The Respondent Clark Baker is a private investigator principally for criminal defense lawyers. He owns or controls the Respondent Office of Medical and Scientific Justice (OMSJ),1 which operates a website at "www.omsj.org". The Respondent maintains a website at the disputed domain name that includes commentary that discusses or describes various professional activities of the Complainant, with related hyperlinks to documents cited in the text or to websites related to the commentary. There is a link to <omsj.org>, asking readers with certain information to "Contact OMSJ." The website at the disputed domain name includes a photograph of the Complainant. The Respondent has never been a patient of the Complainant, but questions the Complainant's stated methods and philosophy of treating certain medical conditions.

This is not the first legal proceeding between the parties. In November 2013 the Complainant filed suit against the Respondent Baker in a California state court. This case, which the Panel discusses further in Section 6-A below, apparently remains pending.

5. Preliminary Procedural Issues

The record in this proceeding raises two procedural matters that the Panel must determine: whether to accept the Complainant's supplemental filing, and the Respondent's Motion to Abate or Dismiss.

A. Complainant's Supplemental Filing

The Complainant, when invited to respond to a request for extension of time, chose also to state his opposition to the Motion to Abate or Dismiss (paragraph 1; paragraph 2, first sentence) and to assert that the Respondent made certain false statements in the Response or Motion (balance of paragraph 2; paragraph 3). Under well-established UDRP precedent, the latter item is not appropriate without the Panel's invitation. See WIPO Overview of WIPO Panel Views on Selected UDRP Questions, Second Edition ("WIPO Overview 2.0"), paragraph 4.2 ("The party submitting its filing would normally need to show its relevance to the case and why it was unable to provide that information in the complaint or response. Most panels that have allowed unsolicited filings have also tended to require some showing of 'exceptional' circumstances.")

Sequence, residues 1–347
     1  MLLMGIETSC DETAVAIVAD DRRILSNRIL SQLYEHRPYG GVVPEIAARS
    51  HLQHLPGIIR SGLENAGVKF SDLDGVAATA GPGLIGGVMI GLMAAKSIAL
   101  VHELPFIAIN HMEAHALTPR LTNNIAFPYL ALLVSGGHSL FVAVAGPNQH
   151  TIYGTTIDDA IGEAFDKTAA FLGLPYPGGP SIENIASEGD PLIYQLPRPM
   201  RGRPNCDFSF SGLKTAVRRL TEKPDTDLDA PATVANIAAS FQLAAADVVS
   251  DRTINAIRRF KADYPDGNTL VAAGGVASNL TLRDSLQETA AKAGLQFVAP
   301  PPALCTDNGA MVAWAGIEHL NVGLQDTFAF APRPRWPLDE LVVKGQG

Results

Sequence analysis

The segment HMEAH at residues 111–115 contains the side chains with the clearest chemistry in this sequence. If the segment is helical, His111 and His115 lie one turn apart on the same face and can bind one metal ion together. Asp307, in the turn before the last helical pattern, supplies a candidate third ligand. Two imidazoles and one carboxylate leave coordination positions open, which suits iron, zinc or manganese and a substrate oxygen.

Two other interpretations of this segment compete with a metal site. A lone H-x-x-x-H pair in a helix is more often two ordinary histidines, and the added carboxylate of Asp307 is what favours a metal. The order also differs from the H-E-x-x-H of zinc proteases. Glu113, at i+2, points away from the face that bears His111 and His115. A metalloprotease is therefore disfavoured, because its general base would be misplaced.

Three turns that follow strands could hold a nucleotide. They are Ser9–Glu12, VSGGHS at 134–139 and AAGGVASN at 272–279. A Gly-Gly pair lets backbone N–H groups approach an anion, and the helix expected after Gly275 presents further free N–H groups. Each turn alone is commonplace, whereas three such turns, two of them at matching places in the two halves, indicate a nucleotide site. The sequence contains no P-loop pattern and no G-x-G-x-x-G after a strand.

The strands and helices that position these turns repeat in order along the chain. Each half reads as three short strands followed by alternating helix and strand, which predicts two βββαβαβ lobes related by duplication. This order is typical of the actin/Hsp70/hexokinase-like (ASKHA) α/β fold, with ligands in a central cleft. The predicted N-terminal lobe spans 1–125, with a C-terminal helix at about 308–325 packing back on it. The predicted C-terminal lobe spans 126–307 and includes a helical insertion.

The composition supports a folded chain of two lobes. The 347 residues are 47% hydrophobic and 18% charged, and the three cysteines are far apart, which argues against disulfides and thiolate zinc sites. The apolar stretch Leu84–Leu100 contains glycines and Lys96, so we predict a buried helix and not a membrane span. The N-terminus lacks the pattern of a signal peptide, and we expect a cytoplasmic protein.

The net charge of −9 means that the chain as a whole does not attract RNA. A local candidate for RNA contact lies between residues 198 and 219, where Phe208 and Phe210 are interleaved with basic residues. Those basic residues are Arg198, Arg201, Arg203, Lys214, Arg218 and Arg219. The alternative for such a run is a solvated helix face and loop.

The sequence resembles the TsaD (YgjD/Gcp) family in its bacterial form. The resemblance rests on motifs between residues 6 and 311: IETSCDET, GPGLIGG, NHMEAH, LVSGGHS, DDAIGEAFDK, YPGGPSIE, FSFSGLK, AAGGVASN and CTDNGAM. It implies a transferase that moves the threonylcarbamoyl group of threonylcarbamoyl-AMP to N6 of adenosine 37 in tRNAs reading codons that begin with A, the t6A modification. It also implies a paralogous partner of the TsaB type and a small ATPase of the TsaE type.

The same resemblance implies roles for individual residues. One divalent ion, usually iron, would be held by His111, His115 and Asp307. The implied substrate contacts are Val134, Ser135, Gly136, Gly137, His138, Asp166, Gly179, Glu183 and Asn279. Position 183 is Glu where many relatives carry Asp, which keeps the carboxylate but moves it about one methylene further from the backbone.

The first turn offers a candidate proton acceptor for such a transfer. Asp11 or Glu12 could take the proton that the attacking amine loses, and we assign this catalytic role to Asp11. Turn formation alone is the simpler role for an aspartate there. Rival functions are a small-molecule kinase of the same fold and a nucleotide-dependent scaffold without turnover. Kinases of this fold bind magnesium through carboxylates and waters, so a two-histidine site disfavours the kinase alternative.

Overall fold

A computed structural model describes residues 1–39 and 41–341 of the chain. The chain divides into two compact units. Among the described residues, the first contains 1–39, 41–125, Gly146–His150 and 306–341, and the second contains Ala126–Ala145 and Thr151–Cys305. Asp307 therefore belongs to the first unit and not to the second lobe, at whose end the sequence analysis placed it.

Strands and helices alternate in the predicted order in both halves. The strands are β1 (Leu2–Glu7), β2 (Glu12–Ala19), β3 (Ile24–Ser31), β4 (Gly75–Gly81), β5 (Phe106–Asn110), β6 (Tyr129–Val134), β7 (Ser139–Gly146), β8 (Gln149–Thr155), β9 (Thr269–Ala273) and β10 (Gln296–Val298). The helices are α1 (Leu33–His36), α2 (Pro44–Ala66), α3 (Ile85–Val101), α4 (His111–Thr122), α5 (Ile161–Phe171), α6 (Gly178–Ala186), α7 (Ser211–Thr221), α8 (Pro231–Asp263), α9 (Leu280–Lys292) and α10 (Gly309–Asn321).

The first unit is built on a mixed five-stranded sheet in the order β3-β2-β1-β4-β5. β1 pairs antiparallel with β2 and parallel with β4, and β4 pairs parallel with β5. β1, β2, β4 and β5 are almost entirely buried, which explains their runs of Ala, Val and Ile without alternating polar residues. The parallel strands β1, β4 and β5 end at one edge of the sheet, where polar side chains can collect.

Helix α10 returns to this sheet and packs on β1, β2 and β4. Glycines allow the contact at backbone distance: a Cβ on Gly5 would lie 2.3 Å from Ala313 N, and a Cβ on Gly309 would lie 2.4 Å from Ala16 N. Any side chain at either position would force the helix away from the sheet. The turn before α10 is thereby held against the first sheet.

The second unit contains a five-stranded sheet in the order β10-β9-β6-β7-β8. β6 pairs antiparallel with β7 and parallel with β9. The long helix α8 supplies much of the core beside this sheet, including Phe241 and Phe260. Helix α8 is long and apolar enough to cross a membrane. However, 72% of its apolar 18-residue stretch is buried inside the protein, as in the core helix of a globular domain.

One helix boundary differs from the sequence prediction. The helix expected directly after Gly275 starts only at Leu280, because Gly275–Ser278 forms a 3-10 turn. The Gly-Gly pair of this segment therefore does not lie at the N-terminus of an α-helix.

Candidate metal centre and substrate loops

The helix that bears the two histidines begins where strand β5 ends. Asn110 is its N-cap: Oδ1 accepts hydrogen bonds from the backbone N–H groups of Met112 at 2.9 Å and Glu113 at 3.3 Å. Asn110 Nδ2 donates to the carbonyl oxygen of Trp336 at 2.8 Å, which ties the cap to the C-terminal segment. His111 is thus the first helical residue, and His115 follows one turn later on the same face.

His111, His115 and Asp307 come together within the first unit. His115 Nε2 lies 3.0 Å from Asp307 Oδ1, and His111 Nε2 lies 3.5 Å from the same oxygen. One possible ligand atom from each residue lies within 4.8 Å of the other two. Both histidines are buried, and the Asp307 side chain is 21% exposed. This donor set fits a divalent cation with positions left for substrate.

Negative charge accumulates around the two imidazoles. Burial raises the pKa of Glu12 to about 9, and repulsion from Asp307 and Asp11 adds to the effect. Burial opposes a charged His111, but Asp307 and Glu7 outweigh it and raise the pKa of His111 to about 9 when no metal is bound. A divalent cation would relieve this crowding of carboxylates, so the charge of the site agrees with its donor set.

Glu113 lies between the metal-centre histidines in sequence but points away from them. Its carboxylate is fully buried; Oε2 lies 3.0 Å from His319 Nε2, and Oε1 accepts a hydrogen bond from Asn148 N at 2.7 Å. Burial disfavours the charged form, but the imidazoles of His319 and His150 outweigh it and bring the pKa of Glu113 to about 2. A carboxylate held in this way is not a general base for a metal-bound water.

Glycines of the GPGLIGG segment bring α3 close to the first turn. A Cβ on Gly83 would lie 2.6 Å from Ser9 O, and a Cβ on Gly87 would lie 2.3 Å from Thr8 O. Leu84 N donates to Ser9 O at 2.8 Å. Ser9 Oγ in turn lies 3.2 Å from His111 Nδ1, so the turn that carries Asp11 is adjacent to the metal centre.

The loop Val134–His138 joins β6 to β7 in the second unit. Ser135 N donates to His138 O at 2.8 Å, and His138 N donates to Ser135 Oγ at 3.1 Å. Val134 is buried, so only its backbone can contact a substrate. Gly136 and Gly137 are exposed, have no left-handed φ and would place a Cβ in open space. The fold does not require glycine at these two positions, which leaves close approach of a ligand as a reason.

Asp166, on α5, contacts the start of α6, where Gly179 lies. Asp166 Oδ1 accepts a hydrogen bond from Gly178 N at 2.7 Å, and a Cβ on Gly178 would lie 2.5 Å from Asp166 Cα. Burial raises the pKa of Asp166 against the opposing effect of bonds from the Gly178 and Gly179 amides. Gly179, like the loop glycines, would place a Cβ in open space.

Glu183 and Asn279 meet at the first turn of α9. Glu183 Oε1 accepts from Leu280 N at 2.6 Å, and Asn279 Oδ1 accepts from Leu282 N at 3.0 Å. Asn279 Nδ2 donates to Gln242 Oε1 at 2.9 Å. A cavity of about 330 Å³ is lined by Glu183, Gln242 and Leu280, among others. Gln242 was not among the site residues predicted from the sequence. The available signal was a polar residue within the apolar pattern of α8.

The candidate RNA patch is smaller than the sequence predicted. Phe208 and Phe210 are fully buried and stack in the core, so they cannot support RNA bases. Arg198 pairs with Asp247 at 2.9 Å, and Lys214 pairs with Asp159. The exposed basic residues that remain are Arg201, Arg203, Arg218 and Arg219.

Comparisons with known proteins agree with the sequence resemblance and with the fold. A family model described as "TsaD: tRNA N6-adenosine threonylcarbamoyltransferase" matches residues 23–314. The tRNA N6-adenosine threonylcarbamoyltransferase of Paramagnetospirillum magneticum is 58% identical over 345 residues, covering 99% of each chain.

The Panel finds nothing exceptional about the latter portion of the Complainant's supplemental filing. Rather it is more in the nature of a reply statement that the Panel did not request and which the Panel considers unnecessary or an interpretation of the Policy and Rules that the Panel must make for himself. See The Teaching Company, LLC d/b/a The Great Courses v. Worldwide Media Inc., WIPO Case No. D2014-0457. Leave to submit that material is denied and the Panel will not take it into account in his decision on the Motion or the merits of this proceeding.

The Panel does allow and will consider the portion of the supplemental filing that constitutes the Complainant's opposition to the Motion. The Rules (paragraph 18) expressly authorize such an application, and the Complainant should be given an opportunity to contest it.2

B. The Motion to Abate or Dismiss.

The Panel believes it appropriate to address this issue prior to consideration of the merits, for if he grants the Motion any discussion of the merits is unnecessary. See DNA (Housemarks) Limited v. Tucows.com Co, WIPO Case No. D2009-0367 (the "Dunlop Case,"), cited with approval in E. Remy Martin & C° v. Whois Privacy Services Pty Ltd/ Emedia Development Ltd and Mr. Pepin, WIPO Case No. D2013-1984.

i. Standard for decision

Paragraph 18(a) of the Rules sets only general standards for evaluation of such an application: "In the event of any legal proceedings initiated prior to or during an administrative proceeding in respect of a domain-name dispute that is the subject of the complaint, the Panel shall have the discretion to decide whether to suspend or terminate the administrative proceeding, or to proceed to a decision." The Dunlop Case contains the most exhaustive examination of the reasons most often cited for granting or denying a Rule 18 application. In each case, however, the exercise of the panel's discretion turns on the particular facts of the proceeding and its panel's determination as to whether in light of the facts it is prudent to proceed to a decision or to leave the parties to the courts.